Brazil set to face deepwater oil challenge
- 15 June 2010
- From the section Latin America & Caribbean
Over the past three years, geology has become a hot topic of conversation in Brazilian homes.
Most people have learnt, through the news, that buried deep under the sea bed, hundreds of kilometres off the Brazilian coast, is a thick layer of salt.
And beneath the salt - in an area that has become known as the "pre-salt"- lies a gigantic oil reservoir that President Luiz Inacio Lula da Silva has referred to as "a gift of God" and "the second independence of Brazil".
The actual wealth remains 7km (4.3 miles) beneath the ocean and a long way off from being exploited, but the federal government has already made grandiose plans for Brazilian education based on these resources. And local governments are involved in bitter disputes over the sharing of the expected profits and royalties.
There is no shortage of pride and enthusiasm in Brazil over the potential of the pre-salt reservoir, and apparently no intention of slowing down deepwater exploration - as other countries like the United States and Norway have done - because of the oil spill in the Gulf of Mexico.
"With the development of the pre-salt reservoir, we believe Brazil will gain its place among the top 10 oil producers in the world. We have already even been formally invited to join Opec [Organization of Petroleum-Exporting Countries]," says the director general of the federal National Oil Agency (ANP in Portuguese), Haroldo Lima.
Risks and rewards
The extent of the reserves in the pre-salt are still largely unknown. The ANP talks about 50bn barrels of oil and gas, and some more optimistic estimates go as far as 100bn. But until now, what is known is that the giant Tupi field has between five and eight billion barrels.
National oil company Petrobras - which producers more than 95% of Brazil's oil - plans to increase its production from the current 2.3m barrels day to 4.1m in 2015.
And if Brazil wants to produce more oil, its only option is to go deeper and deeper. More than 90% of the country's reservoirs are located in deep (over 400m; 1,300ft) or ultradeep (over 1,000m; 3,300ft) waters, and about 80% of the oil currently produced in Brazil already comes from these types of fields.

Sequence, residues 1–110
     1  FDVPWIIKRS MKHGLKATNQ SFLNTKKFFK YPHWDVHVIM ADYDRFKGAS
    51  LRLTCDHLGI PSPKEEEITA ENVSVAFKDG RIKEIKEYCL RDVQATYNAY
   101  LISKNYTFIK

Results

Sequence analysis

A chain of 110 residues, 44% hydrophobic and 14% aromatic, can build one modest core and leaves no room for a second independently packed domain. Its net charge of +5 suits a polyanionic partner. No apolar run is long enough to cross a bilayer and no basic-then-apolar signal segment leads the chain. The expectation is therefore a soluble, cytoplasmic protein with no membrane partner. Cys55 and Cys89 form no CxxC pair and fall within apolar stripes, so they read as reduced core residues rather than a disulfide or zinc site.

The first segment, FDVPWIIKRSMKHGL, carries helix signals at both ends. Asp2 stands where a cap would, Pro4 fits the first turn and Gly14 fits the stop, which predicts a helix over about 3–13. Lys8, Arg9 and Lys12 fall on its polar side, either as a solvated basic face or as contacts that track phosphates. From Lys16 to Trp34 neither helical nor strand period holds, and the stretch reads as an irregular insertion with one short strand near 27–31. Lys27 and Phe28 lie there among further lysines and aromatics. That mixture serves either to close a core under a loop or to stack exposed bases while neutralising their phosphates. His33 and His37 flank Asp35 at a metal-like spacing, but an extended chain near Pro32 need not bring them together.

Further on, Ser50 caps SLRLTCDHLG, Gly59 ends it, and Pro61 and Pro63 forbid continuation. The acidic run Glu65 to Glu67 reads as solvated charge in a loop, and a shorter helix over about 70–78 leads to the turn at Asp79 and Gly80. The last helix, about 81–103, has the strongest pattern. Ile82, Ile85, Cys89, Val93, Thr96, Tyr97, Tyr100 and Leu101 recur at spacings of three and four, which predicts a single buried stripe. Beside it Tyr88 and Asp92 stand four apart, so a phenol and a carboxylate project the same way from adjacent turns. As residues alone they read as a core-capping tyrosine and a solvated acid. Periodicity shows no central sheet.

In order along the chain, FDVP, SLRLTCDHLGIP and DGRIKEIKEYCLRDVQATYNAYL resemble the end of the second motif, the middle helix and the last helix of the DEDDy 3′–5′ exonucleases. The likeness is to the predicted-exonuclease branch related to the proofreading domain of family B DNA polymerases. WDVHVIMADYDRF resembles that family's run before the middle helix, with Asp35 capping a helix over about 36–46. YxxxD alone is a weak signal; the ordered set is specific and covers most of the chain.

Petrobras is the largest producer of oil in deepwater provinces in the world and is highly respected in the industry. But drilling in the pre-salt fields will pose challenges greater than Petrobras - or indeed any other oil company - has ever faced before.
"We are talking about a complex and aggressive environment: there's salt, there's corrosion, extreme pressures, weather can change, waves of 10m (33ft) can appear from nowhere... There's no engineering solution that could be 100% safe," says Claudio Sampaio, architect for the naval engineering department at the University of Sao Paulo.
Mr Lima says the accident in the Gulf of Mexico is a "general alert" to all countries with deep-water exploration off their coasts.
"Is it possible to drill in such challenging conditions with the confidence that everything is going to work fine? That's a very important question that we had to ask ourselves after the accident in the Gulf of Mexico," says Mr Lima.
"The fact that a serious company like BP was operating the field only makes this even more worrisome."
Analysts say regulations and controls of the oil industry in Brazil are already stricter than in the US. Many of these rules were introduced in 2001 after an explosion sank a P36 rig and killed 11 workers in a deepwater field in the Campos basin.
Another risk often cited is the so-called "Dutch disease", which occurs when a country's economy is so dependent on oil that all other areas - particularly industry - end up being left behind and damaged.
That is what happened in the Netherlands in the 1960s following the discovery of natural gas in the North Sea.
Mr Lima says, to avoid this, Brazil is only allowing the oil industry to develop at the same pace as the industries that provide it with goods and services.
"We need the ships, the rigs, the equipments and everything else that is used for oil exploration to be made in Brazil."
The shipyards were among the first to feel the positive impact of these new policies. After years of being virtually abandoned, they are springing back to life to supply the offshore oil sector.
The president of the Maua shipyard, Domingo D'Arco, says long-term planning is the most important thing in their business.
"The problem here in Brazil has always been one of inconsistency. One moment, we would be building dozens of ships all at the same time and then not have any orders for years," said Mr D'Arco.
"What we really need is predictability, and I think that we are finally getting this in Brazil."